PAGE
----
The Mafia of a Sicilian Village

Blok, Anton. 1974. The Mafia of a Sicilian Village, 1860-1960: A Study of Violent Peasant Entrepreneurs. Cambridge: Waveland Press.

Anton Blok’s Mafia of a Sicilian Village is one of my favorite books. It shows how “the mafia” in Sicily emerged as network that grew out of a complex political-economic conjuncture over a 100-year period. This massive story is humbly and sparsely told through the life of a Sicilian village of no more than a couple thousand residents. Considering the violence and secrecy surrounding mafia, Blok’s two years of patient ethnographic study paid off: he gained access to the accounts of intimate rivalries, blood feuds, and networks of corruption surrounding this phenomenon. Blok also succeeds in showing mafia’s deep roots in rural Sicilian society. It’s a story about landowners and peasants though never losing sight of the broader societal forces of which these actors are a part. The book is an impeccable example of a study that’s able to show the relations and innerworkings of dialectical and conjunctural forces at various scales. His findings show that mafiosi are, above all, middlemen, power-brokers that not only mediate relations between peasants and the state, but also relations between landowners and peasants. Of course, that’s not all they are…

The rumblings of mafia began in the early 19th century when the Bourbon State moved toward emancipating peasants in an effort to curb the power of the aristocracy. The final vestiges of feudalism were increasingly legislated away—first in 1812 and then in subsequent laws. With the founding of Italian statehood in 1861, reformers sought to create a class of smallholders, but with the same disappointing result as the Bourbon reforms. “Quite unintentionally, Bourbon legislation aided the rise of a new and powerful landed gentry rather than promoting the mergence of a class of smallholders engaged in efficient cultivation” (91). Indeed, the statehood project of land reform was entirely hijacked by a new landed gentry that partly replaced and partly fused with the old aristocracy, creating a wave of enclosures and massive dispossession. “The gradual emergence of what came to be known only later on as ‘mafia’ can be understood in the context of this development in which the central government, the landlords, and the peasants arranged and rearranged themselves in conflict and accommodation” (11).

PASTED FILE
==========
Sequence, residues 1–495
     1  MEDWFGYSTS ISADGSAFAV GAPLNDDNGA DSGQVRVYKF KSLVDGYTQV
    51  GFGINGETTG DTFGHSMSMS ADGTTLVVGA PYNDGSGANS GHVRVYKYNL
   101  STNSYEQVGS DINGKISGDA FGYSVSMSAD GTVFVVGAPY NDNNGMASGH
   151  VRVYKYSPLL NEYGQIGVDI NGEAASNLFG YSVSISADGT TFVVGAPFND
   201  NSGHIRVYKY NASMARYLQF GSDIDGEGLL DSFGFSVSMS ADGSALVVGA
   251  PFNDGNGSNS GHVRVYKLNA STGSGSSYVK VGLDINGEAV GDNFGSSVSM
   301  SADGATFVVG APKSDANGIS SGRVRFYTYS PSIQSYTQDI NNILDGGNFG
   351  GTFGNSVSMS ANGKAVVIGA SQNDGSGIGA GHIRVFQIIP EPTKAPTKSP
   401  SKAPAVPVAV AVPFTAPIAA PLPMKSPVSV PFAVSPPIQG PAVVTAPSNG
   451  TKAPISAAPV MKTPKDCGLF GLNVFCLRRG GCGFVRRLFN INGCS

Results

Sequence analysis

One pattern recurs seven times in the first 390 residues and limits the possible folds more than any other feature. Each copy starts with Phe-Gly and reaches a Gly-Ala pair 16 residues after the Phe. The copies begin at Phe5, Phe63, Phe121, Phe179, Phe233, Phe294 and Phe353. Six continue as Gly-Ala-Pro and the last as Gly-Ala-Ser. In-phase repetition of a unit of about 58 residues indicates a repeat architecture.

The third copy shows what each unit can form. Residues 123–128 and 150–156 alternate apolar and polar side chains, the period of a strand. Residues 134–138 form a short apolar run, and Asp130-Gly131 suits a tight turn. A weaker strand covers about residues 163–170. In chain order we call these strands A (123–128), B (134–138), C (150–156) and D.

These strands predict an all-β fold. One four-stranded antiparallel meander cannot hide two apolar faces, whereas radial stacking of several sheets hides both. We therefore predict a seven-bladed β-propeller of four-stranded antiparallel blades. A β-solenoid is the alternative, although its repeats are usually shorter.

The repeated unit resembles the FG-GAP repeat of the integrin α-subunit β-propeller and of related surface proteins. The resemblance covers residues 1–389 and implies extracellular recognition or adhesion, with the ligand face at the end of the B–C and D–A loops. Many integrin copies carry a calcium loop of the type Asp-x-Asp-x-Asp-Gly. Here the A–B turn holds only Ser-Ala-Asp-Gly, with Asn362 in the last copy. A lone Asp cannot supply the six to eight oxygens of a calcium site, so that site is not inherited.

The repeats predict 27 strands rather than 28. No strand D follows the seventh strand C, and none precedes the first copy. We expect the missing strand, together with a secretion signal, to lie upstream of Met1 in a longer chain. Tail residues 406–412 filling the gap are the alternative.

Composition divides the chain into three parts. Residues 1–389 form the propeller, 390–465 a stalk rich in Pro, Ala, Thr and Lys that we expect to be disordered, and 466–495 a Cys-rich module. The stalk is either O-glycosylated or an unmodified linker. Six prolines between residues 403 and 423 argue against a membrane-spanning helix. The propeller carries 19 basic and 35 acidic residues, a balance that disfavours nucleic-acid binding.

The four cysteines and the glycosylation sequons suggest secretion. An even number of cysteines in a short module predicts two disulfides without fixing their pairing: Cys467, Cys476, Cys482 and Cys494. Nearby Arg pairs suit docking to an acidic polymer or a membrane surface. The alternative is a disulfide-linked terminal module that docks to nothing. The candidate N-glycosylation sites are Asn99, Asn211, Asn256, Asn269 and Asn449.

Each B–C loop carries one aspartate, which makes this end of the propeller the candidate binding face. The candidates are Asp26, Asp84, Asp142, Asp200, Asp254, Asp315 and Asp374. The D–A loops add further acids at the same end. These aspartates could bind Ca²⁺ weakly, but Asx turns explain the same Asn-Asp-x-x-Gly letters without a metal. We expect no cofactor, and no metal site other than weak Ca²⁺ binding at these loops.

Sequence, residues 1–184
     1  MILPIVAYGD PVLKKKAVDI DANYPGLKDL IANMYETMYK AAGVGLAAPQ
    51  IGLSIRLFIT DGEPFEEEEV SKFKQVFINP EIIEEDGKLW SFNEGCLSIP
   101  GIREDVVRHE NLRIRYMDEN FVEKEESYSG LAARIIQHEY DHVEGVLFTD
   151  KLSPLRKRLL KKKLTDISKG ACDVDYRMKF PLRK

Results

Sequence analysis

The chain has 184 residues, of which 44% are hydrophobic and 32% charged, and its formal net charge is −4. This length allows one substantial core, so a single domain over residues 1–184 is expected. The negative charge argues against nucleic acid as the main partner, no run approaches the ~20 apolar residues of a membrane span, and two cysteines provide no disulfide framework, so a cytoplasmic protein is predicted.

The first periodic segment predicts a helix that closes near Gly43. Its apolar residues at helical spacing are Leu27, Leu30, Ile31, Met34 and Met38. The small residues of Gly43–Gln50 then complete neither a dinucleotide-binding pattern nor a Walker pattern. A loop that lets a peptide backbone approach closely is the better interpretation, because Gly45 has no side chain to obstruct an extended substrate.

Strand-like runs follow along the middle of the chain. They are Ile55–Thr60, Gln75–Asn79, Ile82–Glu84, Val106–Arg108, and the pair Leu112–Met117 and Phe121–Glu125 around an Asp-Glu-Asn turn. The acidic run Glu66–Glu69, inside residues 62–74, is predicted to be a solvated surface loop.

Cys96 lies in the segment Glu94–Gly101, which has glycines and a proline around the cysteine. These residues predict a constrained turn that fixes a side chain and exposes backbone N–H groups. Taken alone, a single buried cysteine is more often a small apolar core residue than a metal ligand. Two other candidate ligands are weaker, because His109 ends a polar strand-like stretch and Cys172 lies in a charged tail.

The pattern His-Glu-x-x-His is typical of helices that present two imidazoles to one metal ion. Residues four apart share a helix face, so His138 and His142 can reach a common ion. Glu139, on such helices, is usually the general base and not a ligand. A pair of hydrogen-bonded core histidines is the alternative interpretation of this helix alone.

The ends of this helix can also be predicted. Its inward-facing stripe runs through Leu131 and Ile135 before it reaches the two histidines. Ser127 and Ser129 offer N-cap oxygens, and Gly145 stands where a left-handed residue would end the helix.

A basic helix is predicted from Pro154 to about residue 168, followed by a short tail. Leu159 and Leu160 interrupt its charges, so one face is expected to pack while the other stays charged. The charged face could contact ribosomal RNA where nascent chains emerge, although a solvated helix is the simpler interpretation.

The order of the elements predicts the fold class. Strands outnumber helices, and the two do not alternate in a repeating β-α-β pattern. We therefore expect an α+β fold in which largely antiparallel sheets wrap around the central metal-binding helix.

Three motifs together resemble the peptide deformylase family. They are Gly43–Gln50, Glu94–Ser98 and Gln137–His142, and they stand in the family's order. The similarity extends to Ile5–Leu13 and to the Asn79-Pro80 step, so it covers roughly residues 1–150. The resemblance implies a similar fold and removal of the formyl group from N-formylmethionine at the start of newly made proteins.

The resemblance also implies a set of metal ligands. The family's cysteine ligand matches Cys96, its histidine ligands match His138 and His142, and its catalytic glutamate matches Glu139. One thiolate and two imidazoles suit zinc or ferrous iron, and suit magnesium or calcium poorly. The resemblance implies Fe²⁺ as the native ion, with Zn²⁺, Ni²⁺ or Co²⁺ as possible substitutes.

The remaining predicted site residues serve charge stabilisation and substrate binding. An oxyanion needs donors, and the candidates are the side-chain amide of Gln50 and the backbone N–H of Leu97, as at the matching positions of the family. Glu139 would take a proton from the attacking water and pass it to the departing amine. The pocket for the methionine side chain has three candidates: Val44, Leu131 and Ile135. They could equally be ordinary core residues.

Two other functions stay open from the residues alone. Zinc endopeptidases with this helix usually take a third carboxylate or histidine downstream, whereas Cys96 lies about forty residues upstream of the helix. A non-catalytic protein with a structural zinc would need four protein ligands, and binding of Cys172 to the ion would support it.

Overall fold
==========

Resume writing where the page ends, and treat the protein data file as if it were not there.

The landowners were increasingly absent from their holdings, having sought out the opulent aristocratic lifestyle of Palermo and other cities. A class of leaseholders, known as gabelloti, controlled the vast latifondo left behind through the work of their overseers (soprastante) who depended on a team of mounted gunmen called campieri (55). Blok calls the gabelloti and overseers “peasant entrepreneurs,” and it is mainly the rentier gabelloti that led the charge toward full-fledged mafiosi (68). “Physical violence dominated the social relationships through which the large estates were exploited. In this way, mafiosi kept restive peasants in submission, while opening up avenues for upwardly mobile peasants who qualified in the use of violence” (75). The peasantry was still bubbling from the combined effects of the end of feudalism, dispossession, and increasingly radical demands, and the gabelloti responded brutally. The other avenue the gabelloti managed was that connecting peasants (and local politics) with the national state. They served as the organizers and brokers of local-national patron-client ties.

Mafia was born of the tensions between the central government and local landowners on the one hand, and between the latter and peasants on the other. At the same time, however, mafia helped manage these distinct but interrelated tensions and struggles since it provided a specific code through which members of the various social classes and groups arranged themselves. (92)

Blok distinguishes mafia in its 20th Century guise form from its feudal predecessors, who mainly acted as the armed retainers for maintaining the law and order of vested interests in the countryside: “Where as the mediating functions of the latter [i.e. feudal] were minimal and strictly locally phrased, those of the former attain major strength and significance in connection with the impact of the State and the advent of the market” (153). Indeed, Blok positions mafiosi as critical actors for making possible the production and maintenance of market and state relations in this marginal areas of the nascent Italian state:

With the penetration of the State and the market into the Sicilian hinterland in the course of the 19th and 20th centuries, Mafiosi succeeded in dominating the paths linking the local community to the outside world…. The critical leverage of the Mafioso over peasant votes was appreciated by his urban patron, who protected him against the demands of the law, covering up his illegal dealings with a cloak of immunity. (177)

As brokers of a violent type, Mafiosi were poised between the peasants (from whose ranks they sprang) and the State, and succeeded in maintaining a grip on the tension between what have been called [by James Scott] the ‘Little Tradition’ and the ‘Big Tradition’. (179)

Indeed, when the state was strong and particularly repressive—as in Fascism—the mafia largely subsided, only to regain prominence in the post-war era when the need for brokers regained importance amid changing political and economic conditions. Of course, I’m leaving out all the juicy details about how Blok masterfully reconstructs this story. Sorry! It’s well worth a read.

This entry was posted in Agriculture, Bandits, Elites, Illegality, Insurgency/Counterinsurgency, Land, Law, Networks, Power, Scale, The State, Violence. Bookmark the permalink.

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